Burma Govt Looks to Shed Burden of US Sanctions
By Kyaw Hsu Mon 20 February 2016
RANGOON — The US should further ease sanctions on Burma, Vice President Nyan Tun told US President Barack Obama at a US-ASEAN summit this week, according to Burma’s information minister.
At the Feb. 15-16 meeting of Southeast Asian leaders in California, Nyan Tun claimed that although the US has been giving economic support to ASEAN countries, Burma has received relatively little developmental assistance because of US sanctions, according to Ye Htut, as quoted in state-run media on Friday.
According to Ye Htut, Nyan Tun informed participants that “Burmese businesspeople still can’t compete with other businesspeople [in the ASEAN region] because of sanctions.”
“[Nyan Tun] said that [Burma] is improving politically and that sanctions should be lifted. The US said that this will depend on how the country moves forward,” Ye Htut added.
The United States restored diplomatic ties with Burma in 2012, after Thein Sein’s quasi-civilian government came to power the previous year.
While economic sanctions were eased for some sectors and individuals, many businesspeople remain on the Treasury Department’s Specially Designated Nationals (SDN) list.
US investment in Burma remains relatively low, as many potential investors are opting for a judicious approach to entering the frontier market. Still, some major American brands such as Coca-Cola, Gap and KFC have already broken ground in the country.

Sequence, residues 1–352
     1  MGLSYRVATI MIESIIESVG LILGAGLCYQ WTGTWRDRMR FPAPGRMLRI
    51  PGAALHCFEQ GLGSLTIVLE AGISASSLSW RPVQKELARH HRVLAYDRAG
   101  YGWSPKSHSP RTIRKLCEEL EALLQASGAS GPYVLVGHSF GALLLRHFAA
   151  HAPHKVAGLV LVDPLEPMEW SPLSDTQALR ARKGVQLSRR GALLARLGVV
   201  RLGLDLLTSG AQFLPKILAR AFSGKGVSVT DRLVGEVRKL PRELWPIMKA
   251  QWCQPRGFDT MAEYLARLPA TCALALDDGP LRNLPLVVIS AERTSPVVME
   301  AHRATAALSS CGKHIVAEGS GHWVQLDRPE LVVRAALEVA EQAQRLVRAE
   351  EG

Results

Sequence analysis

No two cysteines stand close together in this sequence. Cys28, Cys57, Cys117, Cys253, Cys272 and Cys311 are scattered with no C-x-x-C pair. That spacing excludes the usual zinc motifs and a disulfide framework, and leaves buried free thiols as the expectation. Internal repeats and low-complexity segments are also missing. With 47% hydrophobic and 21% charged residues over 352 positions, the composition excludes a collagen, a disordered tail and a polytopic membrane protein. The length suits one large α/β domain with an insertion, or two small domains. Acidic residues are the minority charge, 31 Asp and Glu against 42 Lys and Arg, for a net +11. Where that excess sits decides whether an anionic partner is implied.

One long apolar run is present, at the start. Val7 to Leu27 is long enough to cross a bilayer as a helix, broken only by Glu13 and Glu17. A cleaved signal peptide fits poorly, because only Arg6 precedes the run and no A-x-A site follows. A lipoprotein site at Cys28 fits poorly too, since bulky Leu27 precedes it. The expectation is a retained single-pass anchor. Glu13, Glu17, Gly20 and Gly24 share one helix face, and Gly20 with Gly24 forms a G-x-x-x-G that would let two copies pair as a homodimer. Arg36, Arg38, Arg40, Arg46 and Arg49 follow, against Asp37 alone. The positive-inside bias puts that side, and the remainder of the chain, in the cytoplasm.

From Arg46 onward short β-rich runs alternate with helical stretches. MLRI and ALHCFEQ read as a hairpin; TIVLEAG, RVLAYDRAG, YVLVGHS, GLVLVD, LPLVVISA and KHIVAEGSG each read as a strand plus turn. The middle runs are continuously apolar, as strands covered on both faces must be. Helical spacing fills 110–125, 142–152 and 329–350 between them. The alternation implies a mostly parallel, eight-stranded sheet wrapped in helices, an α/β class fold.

Ye Htut made clear to the media neither which sanctions should be lifted first nor which individuals should be removed from the SDN list.
Meanwhile, the American Chamber of Commerce’s Myanmar chapter hosted a meeting in Rangoon on Feb. 17 with leaders from the health care, manufacturing and retail sectors. Maung Maung Lay, vice chairman of the Union of Myanmar Federation of Chambers of Commerce and Industry (UMFCCI), told The Irrawaddy that meeting delegates talked about the limits placed on money transfers between the US and Burma due to sanctions.
“There are some people still on the SDN list, and most US banks don’t want to take risks or waste their time, which is why transferring money is difficult. The Burma government as well as various sectors want the US to totally lift sanctions,” Maung Maung Lay said.
“US involvement [in Burma] can bring many benefits to our country. If it lifts sanctions, other countries will feel confident about investing here.”
Since last year, the Chamber has been pushing for the lifting of trade sanctions on Burma, urging the US government to re-examine the sanctions list and remove some companies and individuals. This, the body argues, would create a level playing field in Burma for US companies with otherwise limited business power and that incur steep costs as a result of undergoing lengthy compliance reviews.
Hope, however, may be faint in the near-term.
“President Obama will be busy this year. I don’t see much potential for sanctions to be lifted soon,” Maung Maung Lay said.
President Obama’s recently confirmed nominee for ambassador to Burma, Scot Marciel, said in December that he does not anticipate major changes in US sanctions in the wake of the country’s historic general election in November.
“I would not anticipate, nor recommend, any dramatic change,” Scot Marciel said at his confirmation hearing before the Senate Foreign Relations Committee.
Marciel added that the sanctions system is “somewhat dynamic” and does allow for the measures to be eased if countries are deemed to have made progress.